First and foremost, I am proud of being a Ugandan. The last past couple of weeks have brought sporting excellence based on our display at world cup and continental platforms by our She Cranes and Uganda Cranes respectively.
This was, however, followed by huge discrepancies in tokens of appreciation from the first couple, but in individual capacities as Head of State and Minister of Education and Sports.
Without a doubt, the continued level of success of the Uganda Cranes is not one to be taken for granted. That the girls achieved this with challenges faced by netball in this country, such as inadequate funding, dilapidated facilities and administrative shortfalls, shows what a great feat their performance was.
Following an unclear bonus distribution model by government to reward returning sports teams and personalities, the most notable and significant in legacy would have been the athletics center promised after Stephen Kiprotich’s dash to gold at the 2012 London Olympics marathon, which till to date lies very far from completion.
Considering the sorry state of the netball facilities, the key decision-makers in sports would rather be in line with trying to secure land or get the government to explore building a state-of-the-art indoor or netball facility that can last a lifetime.
Also, decision-makers might want to explore the idea of offering tax holidays or exemptions on sports equipment; putting to bed an ownership row over Lugogo Sports Stadium; adoption of a clear futuristic sports policy; and acquisition of land through the Uganda Land Commission for development of worthy sports complexes, among others.
The marriage of the ministry of Education together with Sports is and will always be one of education largely suffocating sports as indicated in the numbers of the recently presented national budget for 2019/2020. The ministry was allocated Shs 3.28 trillion, with only Shs 26 billion allocated to sports.
Much as education and sports are interlinked, having them under the same ministry needs no astrology engineering master’s degree to figure out that this can’t work. These changes may not happen in our lifetimes and might require light years to take effect but I would think the start of the debate on these pertinent sport and national matters is long overdue.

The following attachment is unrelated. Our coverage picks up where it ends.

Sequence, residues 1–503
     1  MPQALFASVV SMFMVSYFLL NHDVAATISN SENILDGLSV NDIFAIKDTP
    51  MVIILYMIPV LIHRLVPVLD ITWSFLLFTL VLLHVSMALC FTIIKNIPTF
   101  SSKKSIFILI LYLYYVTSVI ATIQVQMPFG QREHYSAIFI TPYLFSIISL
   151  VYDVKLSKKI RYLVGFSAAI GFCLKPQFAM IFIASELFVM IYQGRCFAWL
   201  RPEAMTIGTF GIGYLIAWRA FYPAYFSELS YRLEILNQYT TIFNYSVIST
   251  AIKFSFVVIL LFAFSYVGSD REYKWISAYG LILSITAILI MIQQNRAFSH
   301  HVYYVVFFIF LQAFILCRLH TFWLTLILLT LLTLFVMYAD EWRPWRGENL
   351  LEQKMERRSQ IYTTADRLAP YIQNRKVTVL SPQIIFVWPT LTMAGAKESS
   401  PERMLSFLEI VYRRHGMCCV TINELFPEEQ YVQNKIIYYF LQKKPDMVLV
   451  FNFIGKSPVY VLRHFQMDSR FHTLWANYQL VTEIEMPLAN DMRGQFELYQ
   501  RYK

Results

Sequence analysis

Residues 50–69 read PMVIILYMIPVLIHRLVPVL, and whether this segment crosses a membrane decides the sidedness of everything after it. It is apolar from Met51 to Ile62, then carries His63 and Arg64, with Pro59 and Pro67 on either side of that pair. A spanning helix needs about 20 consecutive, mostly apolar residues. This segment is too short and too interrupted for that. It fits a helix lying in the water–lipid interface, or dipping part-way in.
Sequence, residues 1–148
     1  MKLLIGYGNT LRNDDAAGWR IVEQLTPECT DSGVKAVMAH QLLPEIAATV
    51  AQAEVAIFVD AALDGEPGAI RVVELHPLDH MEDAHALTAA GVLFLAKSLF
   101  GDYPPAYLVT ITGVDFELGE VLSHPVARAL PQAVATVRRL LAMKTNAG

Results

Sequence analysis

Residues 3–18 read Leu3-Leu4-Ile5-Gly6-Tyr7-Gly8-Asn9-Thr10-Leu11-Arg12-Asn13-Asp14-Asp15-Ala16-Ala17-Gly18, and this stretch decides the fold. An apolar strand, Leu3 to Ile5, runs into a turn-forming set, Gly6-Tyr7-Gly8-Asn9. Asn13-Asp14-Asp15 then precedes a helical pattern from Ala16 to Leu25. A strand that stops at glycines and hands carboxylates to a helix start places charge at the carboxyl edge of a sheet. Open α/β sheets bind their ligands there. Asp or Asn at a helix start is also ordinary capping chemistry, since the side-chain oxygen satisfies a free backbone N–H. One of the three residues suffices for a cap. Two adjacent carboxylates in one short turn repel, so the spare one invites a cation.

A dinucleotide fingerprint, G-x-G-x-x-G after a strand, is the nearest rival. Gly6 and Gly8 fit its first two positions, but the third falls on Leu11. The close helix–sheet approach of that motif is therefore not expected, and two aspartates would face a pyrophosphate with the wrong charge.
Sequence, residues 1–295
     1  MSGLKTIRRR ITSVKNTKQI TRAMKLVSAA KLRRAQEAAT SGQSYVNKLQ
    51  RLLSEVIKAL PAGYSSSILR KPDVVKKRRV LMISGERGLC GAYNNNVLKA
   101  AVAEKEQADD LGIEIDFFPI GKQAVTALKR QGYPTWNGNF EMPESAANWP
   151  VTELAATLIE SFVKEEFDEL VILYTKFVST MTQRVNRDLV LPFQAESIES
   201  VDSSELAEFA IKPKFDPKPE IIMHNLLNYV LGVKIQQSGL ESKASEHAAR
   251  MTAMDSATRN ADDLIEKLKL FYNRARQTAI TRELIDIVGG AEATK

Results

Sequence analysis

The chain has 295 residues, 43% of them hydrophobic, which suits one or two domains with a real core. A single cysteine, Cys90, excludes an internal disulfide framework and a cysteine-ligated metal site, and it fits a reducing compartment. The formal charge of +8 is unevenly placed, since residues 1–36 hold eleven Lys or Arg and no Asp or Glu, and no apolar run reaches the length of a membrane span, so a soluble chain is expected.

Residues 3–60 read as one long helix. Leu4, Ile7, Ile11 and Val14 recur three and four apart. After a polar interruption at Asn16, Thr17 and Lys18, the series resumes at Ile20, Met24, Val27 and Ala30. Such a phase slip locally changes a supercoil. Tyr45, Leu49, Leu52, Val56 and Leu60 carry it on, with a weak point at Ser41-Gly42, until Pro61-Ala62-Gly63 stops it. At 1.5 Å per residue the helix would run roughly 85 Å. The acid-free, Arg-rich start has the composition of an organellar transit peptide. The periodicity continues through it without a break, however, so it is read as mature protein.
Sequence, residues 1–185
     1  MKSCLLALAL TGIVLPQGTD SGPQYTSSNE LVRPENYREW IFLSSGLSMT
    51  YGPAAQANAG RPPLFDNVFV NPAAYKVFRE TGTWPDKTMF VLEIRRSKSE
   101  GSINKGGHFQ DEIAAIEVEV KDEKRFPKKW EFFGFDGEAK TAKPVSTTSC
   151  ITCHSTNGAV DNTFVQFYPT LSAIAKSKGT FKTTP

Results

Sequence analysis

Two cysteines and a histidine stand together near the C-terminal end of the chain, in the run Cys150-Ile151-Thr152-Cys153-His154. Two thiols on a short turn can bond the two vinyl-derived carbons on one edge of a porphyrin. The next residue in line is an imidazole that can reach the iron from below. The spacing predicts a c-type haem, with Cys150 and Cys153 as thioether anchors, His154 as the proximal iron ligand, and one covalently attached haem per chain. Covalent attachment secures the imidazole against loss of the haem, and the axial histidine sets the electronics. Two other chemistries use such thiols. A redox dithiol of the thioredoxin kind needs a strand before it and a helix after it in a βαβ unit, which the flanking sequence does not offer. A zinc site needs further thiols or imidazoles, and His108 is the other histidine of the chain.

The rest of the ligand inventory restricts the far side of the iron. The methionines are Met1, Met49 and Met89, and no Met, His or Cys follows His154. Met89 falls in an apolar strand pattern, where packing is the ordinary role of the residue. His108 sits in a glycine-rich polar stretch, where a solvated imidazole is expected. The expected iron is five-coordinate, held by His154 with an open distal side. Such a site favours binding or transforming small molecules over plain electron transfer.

A great start for debate would be for key sports stakeholders addressing their minds on a comprehensive national sports policy to allow for the self-sustainability of different federations in terms of preparations, operations and income generation rather than continue an inconsistent model of one-off tokens of appreciation to athletes till the next time they return on their knees for next handout.
Sport is a multibillion-dollar business all over the world that not only provides commercial investment opportunities but also an employment channel for numerous individuals, which shouldn’t only be measured by medals attained at international events but, rather, significant impact to athletes.
Case in point, South Africa attained only four gold medals at the 2012 London Olympic games after investing in a massive high-performance centre in Pretoria for athlete training. Nigeria had a worse outcome after it failed to attain a single medal at the same games even with the high-grade facilities in the West African sporting powerhouse.
However, and more importantly is the number of athletes these centers accommodate that are heavily employed in the sports industry and are earning enormous sums of money.
Closer to home, the recently-completed sporting architectural wonders of the Kigali Arena and Gahanga cricket stadium have fast become the best indoor and cricket grounds in East and Central Africa and are expected to not only provide grounds for participation but importantly give a worthy employment opportunity for numerous Rwandese.
With a narrative change from sport being a pastime activity to becoming a serious commercial and economic value addition avenue, sport doesn’t only have the power to bring people together but further avail an actual solution to the rampant unemployment of youth in this country.
The author is former Cricket Cranes captain and Ntare Lions League president.